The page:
For an album named after the funky, eccentric and brilliantly-composed 1971 Sly and the Family Stone album There’s a Riot Goin’ On, one might anticipate Yo La Tengo’s spinoff to be a sonic fusion of Ira Kaplan’s galvanizing guitar solos and upbeat, chaotic Georgia Hubley drum fills. Instead, Yo La Tengo’s latest album offers ambient melodies, hushed lyricism and coastal grooves throughout.
There’s a Riot Going On opens with the song “You Are Here.” Beginning with a reverberating drone reminiscent of a sweltering amp, the hum then fades into a soft and steady percussion, masked by a lulling mixture of synth and guitar. The five-minute-and-44-second collection of cool breeze beats sizzles, setting the stage for an album’s worth of peaceful tracks and beachy, technically flawless ballads.
This is not going to be an album of crashing cymbals and pounding bass, of lyrics screaming in protest. This is an escape from the chaos. From the jump, Yo La Tengo implores you to sit back, relax and see the power of beautiful music devoted to its listeners.
Kaplan trills out a calm collection of unresolved harmonies with a casual tone in “She May, She Might.” A relatively-upbeat song for the album, it’s as though it was written for a drive through Santa Barbara back in the ‘70s, windows rolled down in the summer heat. The thin drum beat softly thumbs in the background as guitar rhythms croon with breezy synth chords. It’s a sweet, thoughtful tune, beckoning listeners to run away from their troubles and meditate with Yo La Tengo in the swarm of their pacific, polytextural sound.
“Shades of Blue” is a heavenly number, with Hubley’s vocals reminiscent of the tone of Nico’s solo career. The jaunty pulse of the beat and breathy cadence of the tambourine juxtapose the subject of being alone. The lyrics, “Choosing a color / for my particular point of view / Kidding myself / They’re all shades of blue,” echo heartbreak as the acoustics freefall around Hubley’s wispy voice.
One of the best songs on the album, “For You Too,” begins with the reverberating arpeggio of guitar, the hazy tempo of a bass and delicate drums trailing behind. Kaplan’s fuzzy vocals, gentle and airy like the early sound of the Velvet Underground, croon tenderly in conjunction with the full guitar flurries. The lyrics he whispers are a comforting hand on a slumped shoulder, an arm softly raising someone off the floor, singing that it’s not too late for change. Yo La Tengo maintains its reputation for subtlety, with “For You Too” being the most explicitly revolutionary ballad on the album, modestly suggesting that humanity is not lost in spite of all evidence to the contrary.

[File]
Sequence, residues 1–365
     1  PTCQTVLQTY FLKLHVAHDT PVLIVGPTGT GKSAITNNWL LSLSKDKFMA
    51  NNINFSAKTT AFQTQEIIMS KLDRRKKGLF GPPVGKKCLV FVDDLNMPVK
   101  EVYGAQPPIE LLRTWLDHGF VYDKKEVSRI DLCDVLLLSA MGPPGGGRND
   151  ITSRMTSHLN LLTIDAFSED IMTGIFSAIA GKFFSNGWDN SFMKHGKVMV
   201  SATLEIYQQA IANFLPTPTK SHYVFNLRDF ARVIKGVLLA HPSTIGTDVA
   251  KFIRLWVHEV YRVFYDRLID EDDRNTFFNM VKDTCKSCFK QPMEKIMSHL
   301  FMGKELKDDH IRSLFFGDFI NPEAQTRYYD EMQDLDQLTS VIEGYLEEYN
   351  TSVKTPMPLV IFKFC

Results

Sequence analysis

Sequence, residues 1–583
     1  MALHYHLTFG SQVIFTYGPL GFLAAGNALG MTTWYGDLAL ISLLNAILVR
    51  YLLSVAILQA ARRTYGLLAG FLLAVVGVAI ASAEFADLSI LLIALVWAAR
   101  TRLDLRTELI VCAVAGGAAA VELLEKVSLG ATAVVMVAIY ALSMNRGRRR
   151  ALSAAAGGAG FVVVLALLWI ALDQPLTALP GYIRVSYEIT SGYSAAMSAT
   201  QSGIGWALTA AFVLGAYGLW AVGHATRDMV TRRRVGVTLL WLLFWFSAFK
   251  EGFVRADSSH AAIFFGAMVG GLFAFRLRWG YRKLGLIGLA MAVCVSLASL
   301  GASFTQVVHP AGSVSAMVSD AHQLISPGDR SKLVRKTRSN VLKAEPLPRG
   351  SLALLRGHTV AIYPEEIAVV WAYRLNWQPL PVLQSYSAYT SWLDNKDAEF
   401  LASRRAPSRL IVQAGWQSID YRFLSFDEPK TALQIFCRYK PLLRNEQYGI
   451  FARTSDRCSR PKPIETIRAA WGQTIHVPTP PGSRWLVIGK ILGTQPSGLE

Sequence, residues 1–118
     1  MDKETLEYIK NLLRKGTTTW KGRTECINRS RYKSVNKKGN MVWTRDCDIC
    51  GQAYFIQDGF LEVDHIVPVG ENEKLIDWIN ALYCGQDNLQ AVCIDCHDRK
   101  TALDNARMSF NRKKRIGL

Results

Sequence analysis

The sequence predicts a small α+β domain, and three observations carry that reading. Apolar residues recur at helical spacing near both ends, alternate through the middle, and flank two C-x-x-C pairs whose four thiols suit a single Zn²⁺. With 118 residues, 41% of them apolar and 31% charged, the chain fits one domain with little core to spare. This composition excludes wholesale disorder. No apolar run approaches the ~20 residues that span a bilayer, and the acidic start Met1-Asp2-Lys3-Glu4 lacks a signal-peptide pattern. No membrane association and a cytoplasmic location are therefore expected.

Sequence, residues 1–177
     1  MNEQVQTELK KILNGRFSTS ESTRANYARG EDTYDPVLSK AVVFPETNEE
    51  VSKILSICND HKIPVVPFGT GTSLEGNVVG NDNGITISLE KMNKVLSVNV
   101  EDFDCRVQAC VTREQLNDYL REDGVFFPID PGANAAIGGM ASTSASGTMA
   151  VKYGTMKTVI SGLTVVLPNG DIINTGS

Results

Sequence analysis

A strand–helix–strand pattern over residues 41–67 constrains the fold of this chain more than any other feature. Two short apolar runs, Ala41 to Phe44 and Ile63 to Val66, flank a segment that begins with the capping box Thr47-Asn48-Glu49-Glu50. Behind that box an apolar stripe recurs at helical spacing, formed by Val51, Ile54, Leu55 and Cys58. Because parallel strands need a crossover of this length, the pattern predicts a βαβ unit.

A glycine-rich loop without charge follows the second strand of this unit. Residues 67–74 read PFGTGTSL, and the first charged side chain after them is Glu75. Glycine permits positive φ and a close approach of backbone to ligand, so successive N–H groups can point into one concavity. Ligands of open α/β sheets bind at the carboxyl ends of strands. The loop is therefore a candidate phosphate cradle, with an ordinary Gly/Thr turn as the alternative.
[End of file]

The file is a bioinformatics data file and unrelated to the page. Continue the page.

“Esportes Casual” is a silly and jazzy instrumental interlude, laced with a ‘60s-style keyboard and salsa-esque beat. “Forever” plays like a personalized bedtime story told by Kaplan himself, backed by a bouncy, asymmetric rhythm and soft shoo-wops. The album ends on the song “Here You Are,” drawing a complete circle from start to finish, reminding listeners that their focus should be on the present. In a choir-like hymn soaked in vibrato and delicate folk percussion, Yo La Tengo sings “We’re out of time / Believe the worst,” fully aware of the ephemeral nature of both music and time itself.
There’s a Riot Going On is different from the namesake Sly and the Family Stone album in tone and execution, but it’s similar in purpose. Both borne out of tumultuous political landscapes, the albums symbolize change. They serve as the voice in the crowd saying that powerful and dedicated music can be revolutionary.
Absent from this album are the psychedelic tracks of albums like Yo La Tengo’s 2000 release And Then Nothing Turned Itself Inside-Out. Replacing them are calm melodies, serenading their listeners with a chill, breathy marriage of synth, guitar, drums and vocals. Rather than add to the noise, Yo La Tengo is the comforting sanctuary in the midst of the chaos. The band encourages its listeners to sit back, take a breath and meditate with the music. It’s all for them.